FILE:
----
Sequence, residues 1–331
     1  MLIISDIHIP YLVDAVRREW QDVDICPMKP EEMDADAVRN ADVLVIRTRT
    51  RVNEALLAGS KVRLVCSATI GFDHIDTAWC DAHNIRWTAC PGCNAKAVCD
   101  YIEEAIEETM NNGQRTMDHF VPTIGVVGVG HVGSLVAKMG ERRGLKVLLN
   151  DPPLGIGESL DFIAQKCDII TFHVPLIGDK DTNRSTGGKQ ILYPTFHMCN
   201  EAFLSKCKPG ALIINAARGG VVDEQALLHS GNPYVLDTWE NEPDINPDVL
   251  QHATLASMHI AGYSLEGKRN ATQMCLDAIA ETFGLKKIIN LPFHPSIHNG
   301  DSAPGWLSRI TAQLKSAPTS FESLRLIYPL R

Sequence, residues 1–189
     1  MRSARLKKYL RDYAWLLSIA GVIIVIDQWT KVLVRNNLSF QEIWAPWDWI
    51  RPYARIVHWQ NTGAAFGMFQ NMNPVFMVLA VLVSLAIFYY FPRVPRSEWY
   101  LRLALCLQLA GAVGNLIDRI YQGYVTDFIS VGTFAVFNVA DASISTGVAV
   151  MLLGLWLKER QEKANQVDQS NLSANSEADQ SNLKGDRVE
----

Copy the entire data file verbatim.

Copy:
Sequence, residues 1–331
     1  MLIISDIHIP YLVDAVRREW QDVDICPMKP EEMDADAVRN ADVLVIRTRT
    51  RVNEALLAGS KVRLVCSATI GFDHIDTAWC DAHNIRWTAC PGCNAKAVCD
   101  YIEEAIEETM NNGQRTMDHF VPTIGVVGVG HVGSLVAKMG ERRGLKVLLN
   151  DPPLGIGESL DFIAQKCDII TFHVPLIGDK DTNRSTGGKQ ILYPTFHMCN
   201  EAFLSKCKPG ALIINAARGG VVDEQALLHS GNPYVLDTWE NEPDINPDVL
   251  QHATLASMHI AGYSLEGKRN ATQMCLDAIA ETFGLKKIIN LPFHPSIHNG
   301  DSAPGWLSRI TAQLKSAPTS FESLRLIYPL R

Sequence, residues 1–189
     1  MRSARLKKYL RDYAWLLSIA GVIIVIDQWT KVLVRNNLSF QEIWAPWDWI
    51  RPYARIVHWQ NTGAAFGMFQ NMNPVFMVLA VLVSLAIFYY FPRVPRSEWY
   101  LRLALCLQLA GAVGNLIDRI YQGYVTDFIS VGTFAVFNVA DASISTGVAV
   151  MLLGLWLKER QEKANQVDQS NLSANSEADQ SNLKGDRVE